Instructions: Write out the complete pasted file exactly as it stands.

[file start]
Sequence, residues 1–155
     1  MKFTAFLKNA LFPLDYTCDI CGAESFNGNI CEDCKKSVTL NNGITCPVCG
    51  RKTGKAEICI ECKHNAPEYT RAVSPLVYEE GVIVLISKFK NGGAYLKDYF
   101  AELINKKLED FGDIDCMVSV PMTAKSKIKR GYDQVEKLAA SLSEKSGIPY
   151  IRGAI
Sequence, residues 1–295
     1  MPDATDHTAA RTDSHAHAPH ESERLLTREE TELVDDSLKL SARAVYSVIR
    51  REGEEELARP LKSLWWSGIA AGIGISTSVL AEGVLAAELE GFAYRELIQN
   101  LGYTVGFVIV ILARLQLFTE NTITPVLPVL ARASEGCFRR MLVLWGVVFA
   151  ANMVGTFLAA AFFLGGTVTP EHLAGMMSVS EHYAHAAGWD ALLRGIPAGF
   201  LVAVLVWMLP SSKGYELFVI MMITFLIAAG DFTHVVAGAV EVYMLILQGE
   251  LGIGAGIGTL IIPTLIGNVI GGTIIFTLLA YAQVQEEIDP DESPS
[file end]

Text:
Sequence, residues 1–155
     1  MKFTAFLKNA LFPLDYTCDI CGAESFNGNI CEDCKKSVTL NNGITCPVCG
    51  RKTGKAEICI ECKHNAPEYT RAVSPLVYEE GVIVLISKFK NGGAYLKDYF
   101  AELINKKLED FGDIDCMVSV PMTAKSKIKR GYDQVEKLAA SLSEKSGIPY
   151  IRGAI
Sequence, residues 1–295
     1  MPDATDHTAA RTDSHAHAPH ESERLLTREE TELVDDSLKL SARAVYSVIR
    51  REGEEELARP LKSLWWSGIA AGIGISTSVL AEGVLAAELE GFAYRELIQN
   101  LGYTVGFVIV ILARLQLFTE NTITPVLPVL ARASEGCFRR MLVLWGVVFA
   151  ANMVGTFLAA AFFLGGTVTP EHLAGMMSVS EHYAHAAGWD ALLRGIPAGF
   201  LVAVLVWMLP SSKGYELFVI MMITFLIAAG DFTHVVAGAV EVYMLILQGE
   251  LGIGAGIGTL IIPTLIGNVI GGTIIFTLLA YAQVQEEIDP DESPS